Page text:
(Above: 465167 & 377408 at London Bridge, August 29th 2009 – photo Matt Taylor via license flickr)
05/24/2021 – By Frédéric de Kemmeter – Railway signalling
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A new public sector body named Great British Railways as part of railway reforms will own and manage rail infrastructure, issue contracts to private firms to run trains, set most fares and timetables, and sell tickets.
Keith William’s famous white paper has finally been made public, although the main points were already known. This white paper expresses the idea to place the control of rail infrastructure and services under the new arm’s-length public body, with franchises replaced by contracts that will incentivise private firms on punctuality and efficiency rather than raising revenue. Filling the trains is no longer a priority and therefore there are no longer any risks to be taken on the revenues. The DNA of this document can be traced back to the review prompted by the 2018 UK rail timetable predicament. Much has since changed, and the extent of the re-editing has been formally acknowledged by the renaming of the review from the “Williams Review” to the “Williams-Shapps Plan for Rail”;
Great British Railways will run and plan the network, as well as providing online tickets, information and compensation for passengers nationwide. It will streamline and simplify fares, including extending contactless and pay-as-you-go systems to more parts of the country. A new national flexible season ticket will be introduced from late June to tempt back part-time commuters, with passenger numbers now only 39% of pre-pandemic levels.
However, realism must be maintained: the Treasury will be concerned with how significant cost savings can be achieved through the implementation of the William-Shapps’s Review.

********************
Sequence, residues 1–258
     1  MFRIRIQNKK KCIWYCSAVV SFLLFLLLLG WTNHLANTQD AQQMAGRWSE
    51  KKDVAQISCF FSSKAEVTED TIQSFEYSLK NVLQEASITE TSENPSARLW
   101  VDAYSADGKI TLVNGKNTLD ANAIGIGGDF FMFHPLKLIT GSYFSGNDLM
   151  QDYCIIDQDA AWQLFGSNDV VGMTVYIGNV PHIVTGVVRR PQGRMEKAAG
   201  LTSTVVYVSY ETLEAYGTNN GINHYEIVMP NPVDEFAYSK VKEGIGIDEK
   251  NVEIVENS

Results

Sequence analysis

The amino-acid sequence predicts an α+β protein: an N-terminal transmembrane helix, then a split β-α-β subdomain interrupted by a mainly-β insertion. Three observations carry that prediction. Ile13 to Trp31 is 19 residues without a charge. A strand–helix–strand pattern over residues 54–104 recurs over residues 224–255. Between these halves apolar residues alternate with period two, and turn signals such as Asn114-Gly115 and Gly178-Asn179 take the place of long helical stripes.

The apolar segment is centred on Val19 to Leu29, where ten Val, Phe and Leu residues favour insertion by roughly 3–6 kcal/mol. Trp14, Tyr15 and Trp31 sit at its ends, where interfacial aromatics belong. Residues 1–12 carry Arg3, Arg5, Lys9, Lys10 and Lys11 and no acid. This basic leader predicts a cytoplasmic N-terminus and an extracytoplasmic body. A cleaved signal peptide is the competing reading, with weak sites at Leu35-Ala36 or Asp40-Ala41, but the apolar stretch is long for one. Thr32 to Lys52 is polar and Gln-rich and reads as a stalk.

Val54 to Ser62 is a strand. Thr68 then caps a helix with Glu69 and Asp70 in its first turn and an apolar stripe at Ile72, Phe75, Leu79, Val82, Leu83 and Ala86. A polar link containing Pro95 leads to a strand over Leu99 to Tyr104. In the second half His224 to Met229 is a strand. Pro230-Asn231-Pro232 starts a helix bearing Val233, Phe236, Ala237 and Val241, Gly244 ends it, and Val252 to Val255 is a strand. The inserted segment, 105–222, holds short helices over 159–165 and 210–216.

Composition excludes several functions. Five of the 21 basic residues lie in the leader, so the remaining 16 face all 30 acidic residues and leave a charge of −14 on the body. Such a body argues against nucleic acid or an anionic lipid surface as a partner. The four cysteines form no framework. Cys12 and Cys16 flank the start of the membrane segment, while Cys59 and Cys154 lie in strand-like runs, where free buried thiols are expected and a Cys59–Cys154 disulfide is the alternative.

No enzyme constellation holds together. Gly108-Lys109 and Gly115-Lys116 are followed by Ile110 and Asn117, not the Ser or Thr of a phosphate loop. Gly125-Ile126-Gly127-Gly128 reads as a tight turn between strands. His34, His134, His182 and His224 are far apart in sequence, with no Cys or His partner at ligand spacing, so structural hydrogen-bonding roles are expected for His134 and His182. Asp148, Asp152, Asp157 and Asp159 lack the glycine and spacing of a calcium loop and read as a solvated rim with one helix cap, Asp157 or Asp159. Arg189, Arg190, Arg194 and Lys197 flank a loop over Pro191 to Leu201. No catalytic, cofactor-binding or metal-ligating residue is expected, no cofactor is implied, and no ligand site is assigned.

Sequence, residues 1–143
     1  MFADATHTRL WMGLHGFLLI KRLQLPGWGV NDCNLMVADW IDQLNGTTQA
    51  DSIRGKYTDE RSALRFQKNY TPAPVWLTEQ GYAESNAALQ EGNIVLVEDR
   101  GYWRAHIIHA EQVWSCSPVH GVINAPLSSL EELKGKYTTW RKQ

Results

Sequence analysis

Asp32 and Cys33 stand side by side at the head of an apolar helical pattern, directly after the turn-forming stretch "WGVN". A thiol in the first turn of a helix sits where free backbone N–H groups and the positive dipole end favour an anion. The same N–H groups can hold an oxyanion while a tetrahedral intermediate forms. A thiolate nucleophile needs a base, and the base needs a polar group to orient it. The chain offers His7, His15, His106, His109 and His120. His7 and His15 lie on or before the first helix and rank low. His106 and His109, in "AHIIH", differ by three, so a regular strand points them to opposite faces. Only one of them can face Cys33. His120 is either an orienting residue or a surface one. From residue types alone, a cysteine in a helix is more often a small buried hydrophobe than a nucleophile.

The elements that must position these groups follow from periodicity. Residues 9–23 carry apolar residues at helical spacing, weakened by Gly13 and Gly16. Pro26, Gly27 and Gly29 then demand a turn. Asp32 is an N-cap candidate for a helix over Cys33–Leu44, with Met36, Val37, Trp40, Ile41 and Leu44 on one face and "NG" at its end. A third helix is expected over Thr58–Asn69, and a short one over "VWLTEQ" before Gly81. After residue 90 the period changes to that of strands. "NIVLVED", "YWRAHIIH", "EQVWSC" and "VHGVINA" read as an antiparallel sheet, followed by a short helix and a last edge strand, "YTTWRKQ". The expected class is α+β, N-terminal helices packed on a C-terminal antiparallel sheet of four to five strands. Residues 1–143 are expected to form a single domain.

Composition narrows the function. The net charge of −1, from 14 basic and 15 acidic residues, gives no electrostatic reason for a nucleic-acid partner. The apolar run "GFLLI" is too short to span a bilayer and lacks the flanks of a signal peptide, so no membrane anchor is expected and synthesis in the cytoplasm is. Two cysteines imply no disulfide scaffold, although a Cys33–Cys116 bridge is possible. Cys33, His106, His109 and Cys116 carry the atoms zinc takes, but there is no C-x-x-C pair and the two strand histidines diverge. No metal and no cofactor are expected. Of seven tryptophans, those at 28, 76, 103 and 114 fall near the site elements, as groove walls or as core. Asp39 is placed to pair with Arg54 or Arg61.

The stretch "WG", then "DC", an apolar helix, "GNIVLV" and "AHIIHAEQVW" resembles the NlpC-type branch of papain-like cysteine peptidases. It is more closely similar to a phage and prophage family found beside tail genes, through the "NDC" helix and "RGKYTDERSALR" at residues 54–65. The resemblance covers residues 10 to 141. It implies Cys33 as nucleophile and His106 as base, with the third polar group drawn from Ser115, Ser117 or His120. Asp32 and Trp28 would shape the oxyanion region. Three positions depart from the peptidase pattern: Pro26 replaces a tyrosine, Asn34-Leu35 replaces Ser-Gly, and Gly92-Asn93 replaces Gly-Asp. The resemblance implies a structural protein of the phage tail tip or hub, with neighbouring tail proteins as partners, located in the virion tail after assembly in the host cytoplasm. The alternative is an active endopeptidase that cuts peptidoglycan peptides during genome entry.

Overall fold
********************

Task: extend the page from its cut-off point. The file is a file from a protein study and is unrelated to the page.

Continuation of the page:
Keith Williams explains that “the plan is built around the passenger, with new contracts which prioritise excellent performance and better services, better value fares, and creating clear leadership and real accountability when things go wrong.”
Reforming the rail franchising model was always a core part of the Review, since many time prior to the pandemic, the rail franchising model was already in trouble, with small numbers of bidders participating in franchise competitions and reports of various franchises in severe financial difficulty.
Since the pandemic, all operators have benefited from for Emergency Measures Agreements (EMAs) were subsequently replaced by the Emergency Recovery Measures Agreements (ERMAs). The EMAs and ERMAs will now be replaced by interim direct awards (National Rail Contracts, or NRCs), excepted for three franchises. In the future, the respective rail services are competitively tendered and replaced by concession agreements called “Passenger Service Contracts” (PSCs). So there is no return to the old British Rail that some young activists dreamed of, without really knowing what it was all about.
The 40,000 workers of Network Rail will not become civil servants even if GBR will absorb the current infrastructure manager to provide « single, unified and accountable leadership », using « a single, familiar brand ». The reforms envisage that the government set the overall strategic direction for the industry, including infrastructure investment and fares policy, through a 30-year plan that is intended to ensure money is targeted and used efficiently. The Treasury will therefore watch over the proper use of public funds, a topic that opponents of the reform prefer to avoid talking about …
Andy Bagnall, the director general of the Rail Delivery Group, said train operators had called for many of the promised reforms: “Getting the detail right will be crucial to ensuring that the white paper fulfils its potential to improve journeys, offer independent oversight and clear accountability, and create a new set of fares which are simpler and more value for money.” In short, Great Britain is putting an end to its experience of franchises and risk on revenues – a principle unique in the world -, and takes the path explored with more success in Europe, i.e. public service contracts. The British rail freight sector, on the other hand, is not affected because it has successfully liberalized itself, even if it has to face its own problems.
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